I have distinct memories of most of my childhood, some of them less pleasant than others. One such memory was the night I almost lost my sister Kelly. I was 12 years old at the time and she had just turned 16. I remember the phone ringing late at night. A woman on the other end of the line informed me that she was calling from the local hospital and that my sister had just been admitted after being involved in a car accident. Having previously lost one sister to a car accident, my heart sank. I quickly woke my parents and they rushed out the door to be with Kelly.

The following morning I learned that Kelly had been involved in an accident with a drunk driver. The most severe injury was to her spine. That morning, Kelly’s doctors took her into a surgery that lasted well over 5 hours. They inserted metal rods and screws into her lower back. Following the surgery, the doctors were not sure she would walk again.

Despite being in a severe amount of pain, Kelly refused to believe that doctors were right. As soon as it was possible for her to do so, she began physical therapy. She was transferred from the Intensive Care Unit to a physical rehabilitation facility. During her rehabilitation she suffered a number of setbacks, but she would not let that stop her. She attended the first day of her junior year of high school in a wheelchair, but by the end of that school year she was on her feet. She still experiences some pain as a result of the accident and she probably always will, but she has not let the accident or any pain she feels stop her from accomplishing any of the things she has wanted to do.

I spent a countless number of hours in the hospital with Kelly during her recovery. It was scary to watch her suffer as much as she did. We had our fair share of sibling arguments, but I had always looked up to her. I still do. Since her recovery, I have gone through some things in my life that were challenging, but I have been able to draw on her experiences to get me through mine.

Just before my senior year of college, I got some bad news from the financial aid office that made it seem like I would have to drop out of school. I had one parent who was unwilling to help me and one parent who was unable to help me. I thought about what the reality of leaving school at that time meant. I was less than a year away from a degree. Rather than dropping out, I became determined that I would find a way to make it happen. I enrolled in classes and I quit my job to find something that would give me more hours. Throughout my senior year, I worked up to 3 jobs at a time. There were weeks that I worked up to 60 hours, but I still made it to my classes and completed my course work. I worked every day of the week. While my friends were out partying and enjoying their last year of college, I was at home writing papers or getting some much needed sleep. I finished my classes in March of 2007. I know that what I experienced was nothing comparable to the challenges that Kelly faced after her accident, but her ability to overcome her setbacks was an inspiration to me during my last year of college. With the emotional support of my family and others close to me and my own determination, I completed my degree.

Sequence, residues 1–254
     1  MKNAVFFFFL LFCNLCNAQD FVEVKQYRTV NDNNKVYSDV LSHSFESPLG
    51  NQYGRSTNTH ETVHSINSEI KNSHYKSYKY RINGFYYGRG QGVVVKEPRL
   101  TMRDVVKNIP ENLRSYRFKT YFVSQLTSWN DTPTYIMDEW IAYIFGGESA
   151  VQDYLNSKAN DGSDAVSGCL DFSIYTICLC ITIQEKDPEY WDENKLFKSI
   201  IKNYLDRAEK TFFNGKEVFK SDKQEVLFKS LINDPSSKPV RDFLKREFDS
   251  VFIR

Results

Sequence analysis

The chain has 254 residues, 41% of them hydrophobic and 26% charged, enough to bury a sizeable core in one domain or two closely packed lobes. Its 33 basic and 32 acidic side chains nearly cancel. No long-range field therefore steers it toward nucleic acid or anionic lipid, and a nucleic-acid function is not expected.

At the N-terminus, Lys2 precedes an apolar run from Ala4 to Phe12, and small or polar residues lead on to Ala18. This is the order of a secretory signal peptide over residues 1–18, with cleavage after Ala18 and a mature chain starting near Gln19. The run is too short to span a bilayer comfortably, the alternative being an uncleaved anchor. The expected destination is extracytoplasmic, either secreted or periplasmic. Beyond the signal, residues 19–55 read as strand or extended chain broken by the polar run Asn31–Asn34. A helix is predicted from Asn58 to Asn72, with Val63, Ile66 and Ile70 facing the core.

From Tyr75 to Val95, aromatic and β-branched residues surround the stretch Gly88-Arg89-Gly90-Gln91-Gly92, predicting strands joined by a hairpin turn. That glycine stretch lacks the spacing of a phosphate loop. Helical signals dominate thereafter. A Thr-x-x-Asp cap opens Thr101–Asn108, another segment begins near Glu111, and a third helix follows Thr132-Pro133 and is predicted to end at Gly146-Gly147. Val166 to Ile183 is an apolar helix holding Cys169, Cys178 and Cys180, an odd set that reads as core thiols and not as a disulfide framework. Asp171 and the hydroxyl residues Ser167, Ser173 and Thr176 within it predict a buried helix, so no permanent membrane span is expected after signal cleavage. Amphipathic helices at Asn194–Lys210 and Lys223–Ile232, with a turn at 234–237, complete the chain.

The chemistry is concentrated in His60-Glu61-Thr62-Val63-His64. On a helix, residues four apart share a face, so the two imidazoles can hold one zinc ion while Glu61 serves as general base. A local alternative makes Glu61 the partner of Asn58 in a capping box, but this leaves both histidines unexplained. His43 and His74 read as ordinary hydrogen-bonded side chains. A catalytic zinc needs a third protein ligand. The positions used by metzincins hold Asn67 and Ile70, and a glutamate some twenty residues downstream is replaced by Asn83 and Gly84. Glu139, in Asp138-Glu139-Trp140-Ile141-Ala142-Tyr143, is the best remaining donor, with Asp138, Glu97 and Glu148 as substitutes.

I know that attending law school will present me with more challenges. I have no doubt that there will be times where I feel like quitting, but I also have enough confidence in myself to know that even if I feel like giving up, I won’t. I have wanted to go to law school for several years now. This is one goal that I will not allow myself to fall short on. It is with determination that I proceed into the next stage of my life.



Ugh.... I'm having a hard time ending it. I already don't like it. Let me know what you guys think.
Last edited by ShelleyVA on Fri Sep 26, 2008 2:08 pm, edited 1 time in total.

AbsolutLax
Posts: 71
Joined: Tue Sep 02, 2008 1:14 pm

Re: Personal Statement Samples

Postby AbsolutLax » Tue Sep 23, 2008 7:53 pm

"I decided I wanted to go to law school when I was about 13 years old."

I realize you are having a hard time finishing it, but it feels like you just threw this statement out there. It is very cliché unless you provide more support.

"I know that my determination will help me to accomplish this goal."

Your PS is based much on your determination to overcome obstacles, but there will be hundreds of other applicants leaning on determination as their strength in their PS- make yourself stand out, you only have so many words to do it in.

With all respect, although your sister’s accident was no doubt hard, it takes up space- I think if you spun the situation with you almost having to leave school in the right light it would be a much more powerful PS.

I think you are on the right track, but with some more work it could be even better.

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ShelleyVA
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Re: Personal Statement Samples

Postby ShelleyVA » Tue Sep 23, 2008 7:58 pm

Thanks for the input. Anything helps at this point. I typed that up in about 15 minutes before I posted it, so I realize it needs some work. Taking out some stuff about my sis and adding more stuff about me I guess. I used her accident because a) it really has inspired me in a lot of ways. Sometimes when I find myself whining about how unfair life is, I think about what she has been through and try to stop being such a baby and b) because the schools I'm applying to ALL suggest about writing about someone important to me and how they changed my life.